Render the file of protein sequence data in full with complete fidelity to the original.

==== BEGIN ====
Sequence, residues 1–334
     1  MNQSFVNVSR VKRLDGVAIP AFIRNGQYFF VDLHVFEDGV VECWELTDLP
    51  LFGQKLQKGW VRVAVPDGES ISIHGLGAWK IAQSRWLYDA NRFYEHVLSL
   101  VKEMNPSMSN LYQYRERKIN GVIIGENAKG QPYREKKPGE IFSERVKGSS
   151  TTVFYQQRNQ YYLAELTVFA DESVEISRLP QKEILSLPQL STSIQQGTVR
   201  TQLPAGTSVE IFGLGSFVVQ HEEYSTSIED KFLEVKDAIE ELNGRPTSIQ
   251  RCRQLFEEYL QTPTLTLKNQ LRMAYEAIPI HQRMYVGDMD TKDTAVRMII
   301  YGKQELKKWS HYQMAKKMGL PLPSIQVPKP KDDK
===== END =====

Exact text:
Sequence, residues 1–334
     1  MNQSFVNVSR VKRLDGVAIP AFIRNGQYFF VDLHVFEDGV VECWELTDLP
    51  LFGQKLQKGW VRVAVPDGES ISIHGLGAWK IAQSRWLYDA NRFYEHVLSL
   101  VKEMNPSMSN LYQYRERKIN GVIIGENAKG QPYREKKPGE IFSERVKGSS
   151  TTVFYQQRNQ YYLAELTVFA DESVEISRLP QKEILSLPQL STSIQQGTVR
   201  TQLPAGTSVE IFGLGSFVVQ HEEYSTSIED KFLEVKDAIE ELNGRPTSIQ
   251  RCRQLFEEYL QTPTLTLKNQ LRMAYEAIPI HQRMYVGDMD TKDTAVRMII
   301  YGKQELKKWS HYQMAKKMGL PLPSIQVPKP KDDK